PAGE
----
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Christmas Round-Up

Christmas Round-Up

Christmas Round-Up cover photo on Stagedoor
Featuring four Xmas shows - for kids and big kids

Oily Cart’s All Wrapped Up (Arts Depot, then at Stratford Circus in January), a gorgeous show for the under-fives, begins before the audience has even accessed the theatre. The cast engage with the children in the foyer and when the moment comes to go into the theatre it is through a sheet of freshly torn paper as if the entire theatre has been wrapped like a giant present and we’ve had to break in.

Inside there is indeed a gift of a multi-sensory show, directed by the company’s new artistic director, Ellie Griffiths, which plays with sound, light and touch to beautiful effect. Some of the seats vibrate gently, at times the air seems to breathe; at others there is gentle spacey music.

All Wrapped Up. Photo by Suzi Corker.

From its opening moments, when a performer removes her dressing gown to reveal the sparkles beneath, the show operates as a series of reveals: just like a present in the process of being unwrapped. Paper is scrunched, light is condensed into circle, shadows appear, a great sail balloons above the audience, sticky tape is used to create a web. The bravest children roam freely through the space driven by curiosity and amazement. This show is full of physical and emotional textures. A true box of delights.

Texture is what is lacking in The Lost Thing (Linbury Studio), a collaboration between the excellent Candoco Dance Company and the Royal Opera House in which disabled and able-bodied dancers, musicians and singers work together.

The Lost Thing. Photo by Stephen Wright.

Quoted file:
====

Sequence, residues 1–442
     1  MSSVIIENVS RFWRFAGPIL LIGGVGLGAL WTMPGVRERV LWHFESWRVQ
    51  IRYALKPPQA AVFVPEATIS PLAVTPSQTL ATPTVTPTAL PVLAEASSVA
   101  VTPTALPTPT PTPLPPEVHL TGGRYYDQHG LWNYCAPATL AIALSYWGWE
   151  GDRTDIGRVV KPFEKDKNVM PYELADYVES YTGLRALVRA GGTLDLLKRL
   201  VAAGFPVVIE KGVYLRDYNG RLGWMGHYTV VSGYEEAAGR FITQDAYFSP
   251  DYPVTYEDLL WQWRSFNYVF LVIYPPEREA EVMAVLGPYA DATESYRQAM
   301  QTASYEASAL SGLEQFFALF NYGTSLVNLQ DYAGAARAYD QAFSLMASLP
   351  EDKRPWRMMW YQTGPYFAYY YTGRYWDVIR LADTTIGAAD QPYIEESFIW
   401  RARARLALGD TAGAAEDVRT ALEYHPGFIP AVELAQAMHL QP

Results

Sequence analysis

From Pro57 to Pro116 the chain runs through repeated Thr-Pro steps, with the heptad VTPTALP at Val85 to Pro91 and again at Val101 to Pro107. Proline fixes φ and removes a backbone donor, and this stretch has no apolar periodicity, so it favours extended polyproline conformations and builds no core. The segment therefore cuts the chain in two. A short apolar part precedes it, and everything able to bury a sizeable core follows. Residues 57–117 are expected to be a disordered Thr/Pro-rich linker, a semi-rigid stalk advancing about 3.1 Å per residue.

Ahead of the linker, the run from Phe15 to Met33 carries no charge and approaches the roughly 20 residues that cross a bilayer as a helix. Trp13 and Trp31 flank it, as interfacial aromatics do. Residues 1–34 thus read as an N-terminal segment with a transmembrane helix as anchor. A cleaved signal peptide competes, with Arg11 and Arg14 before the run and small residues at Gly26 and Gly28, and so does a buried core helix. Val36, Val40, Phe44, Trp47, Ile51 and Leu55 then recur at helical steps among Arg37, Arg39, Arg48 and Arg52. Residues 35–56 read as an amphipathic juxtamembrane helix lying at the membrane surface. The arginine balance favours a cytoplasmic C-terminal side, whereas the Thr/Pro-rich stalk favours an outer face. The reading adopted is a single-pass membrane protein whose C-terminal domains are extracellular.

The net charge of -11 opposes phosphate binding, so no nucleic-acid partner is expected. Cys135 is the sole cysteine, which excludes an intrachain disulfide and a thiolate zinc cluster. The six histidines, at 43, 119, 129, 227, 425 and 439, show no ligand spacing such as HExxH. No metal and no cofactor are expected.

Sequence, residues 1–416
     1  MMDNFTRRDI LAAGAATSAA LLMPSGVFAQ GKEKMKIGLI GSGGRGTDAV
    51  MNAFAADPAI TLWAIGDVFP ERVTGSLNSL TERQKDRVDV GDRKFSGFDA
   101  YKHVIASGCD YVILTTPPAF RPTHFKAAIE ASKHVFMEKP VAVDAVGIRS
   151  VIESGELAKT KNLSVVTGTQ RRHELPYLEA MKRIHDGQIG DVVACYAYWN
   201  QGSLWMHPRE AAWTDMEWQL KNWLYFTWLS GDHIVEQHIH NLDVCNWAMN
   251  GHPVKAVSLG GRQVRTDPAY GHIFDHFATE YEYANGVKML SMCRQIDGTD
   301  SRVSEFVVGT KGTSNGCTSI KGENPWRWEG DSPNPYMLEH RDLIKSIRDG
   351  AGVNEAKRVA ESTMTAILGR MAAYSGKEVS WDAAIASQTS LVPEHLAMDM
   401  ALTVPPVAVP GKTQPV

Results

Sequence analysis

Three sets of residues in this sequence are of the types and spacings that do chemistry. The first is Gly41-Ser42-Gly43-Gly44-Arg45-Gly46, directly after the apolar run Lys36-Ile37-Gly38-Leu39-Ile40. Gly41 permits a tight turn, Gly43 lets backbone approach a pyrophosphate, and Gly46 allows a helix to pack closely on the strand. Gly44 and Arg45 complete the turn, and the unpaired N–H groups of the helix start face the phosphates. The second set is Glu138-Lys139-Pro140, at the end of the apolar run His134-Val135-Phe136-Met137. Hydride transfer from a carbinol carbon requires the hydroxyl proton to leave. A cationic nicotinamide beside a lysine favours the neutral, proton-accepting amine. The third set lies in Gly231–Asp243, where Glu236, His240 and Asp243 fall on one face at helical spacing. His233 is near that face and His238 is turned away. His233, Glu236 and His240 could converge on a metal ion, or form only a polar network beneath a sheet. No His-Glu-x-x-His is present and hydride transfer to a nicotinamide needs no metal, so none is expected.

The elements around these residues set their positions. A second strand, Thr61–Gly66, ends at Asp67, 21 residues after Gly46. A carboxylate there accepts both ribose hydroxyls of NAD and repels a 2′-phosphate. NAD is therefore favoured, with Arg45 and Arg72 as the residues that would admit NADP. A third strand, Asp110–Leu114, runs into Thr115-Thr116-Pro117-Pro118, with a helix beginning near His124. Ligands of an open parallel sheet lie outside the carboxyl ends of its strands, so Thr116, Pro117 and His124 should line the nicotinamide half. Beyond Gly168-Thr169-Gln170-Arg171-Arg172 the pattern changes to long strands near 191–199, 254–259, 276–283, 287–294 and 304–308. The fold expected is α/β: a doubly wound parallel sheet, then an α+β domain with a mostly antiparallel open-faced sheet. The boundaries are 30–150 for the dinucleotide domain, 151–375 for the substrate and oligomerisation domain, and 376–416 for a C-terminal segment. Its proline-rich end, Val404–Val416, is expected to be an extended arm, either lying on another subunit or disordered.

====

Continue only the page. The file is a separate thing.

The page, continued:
Given the source material–Shaun Tan’s novel about an overlooked child who discovers a lost thing on the beach and takes it back to the city—this should be rich and resonant. With a touch of the odd too, as if seeing the world from an unexpected perspective. But it’s staged with a strange flatness so that it never feels like a genuinely 3-D experience in a show in which dance and movement, projections and live action collide.

The movement vocabulary for the intriguingly multi-limbed Lost Thing lacks zing and leaves it devoid of personality. It’s hard to connect emotionally, although Jules Maxwell’s score which begs and borrows from many styles is pleasant enough and is at its best when it is most playful. But even the satirical scenes in The Federal Department of Odds and Ends lack comic punch. It’s as if the monochrome city depicted in Will Holt’s video city has sucked the life out of it. A shame because I have loved Candoco’s work in the past and am sure I will again in the future.

Part of the issue with The Lost Thing is that it is way too over-extended, and the same applies to the all-female The Fairytale Revolution: Wendy’s Awfully Big Adventure at Theatre 503. Years ago, the long-disappeared Drill Hall used to stage an all female lesbian panto which was always hoot. Deliciously subversive too.

The Fairytale Revolution. Photo by Helen Murray

This is a rather more staid and lacklustre affair in which Wendy takes her rightful place centre stage (echoes of Sally Cookson’s Peter Pan) and with a cast of supporting characters sets out to change her story (shades of Matilda) and seize back control of the narrative from the all-powerful and despotic narrator. There are some decent jokes, some less than tuneful singing, and game performances all round. But the storytelling is way too convoluted and complicated and the whole thing is in need of a jolly good prune.

Far more enjoyable is Jude Christian’s Cinderella at the Lyric Hammersmith which also puts women centre stage. Cinders is a girl with a mind of her own who isn’t looking for a prince and would prefer to reach for the stars. Buttons is a girl and one of the ugly sisters (really not a bad pair) falls for her. If that sounds po-faced it isn’t. Tinuke Craig’s production sometimes lacks oomph, but it makes up for it with immense warmth and silliness. I took a friend who hadn’t been to a panto for at least 30 years and professed to loathe them. She was won over.

Cinderella. Photo by helen Maybanks.

All Wrapped Up runs at Arts Depot theatre until 31 Dec and then at Stratford Circus From Jan 17.

The Lost Thing runs at the Linbury studio until Sat 4 Jan.

The Fairytale Revolution runs at Theatre 503 until Tue 31 Dec.

Cinderella runs at the Lyric Hammersmith until Sun 5 Jan.

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Written by

Lyn Gardner

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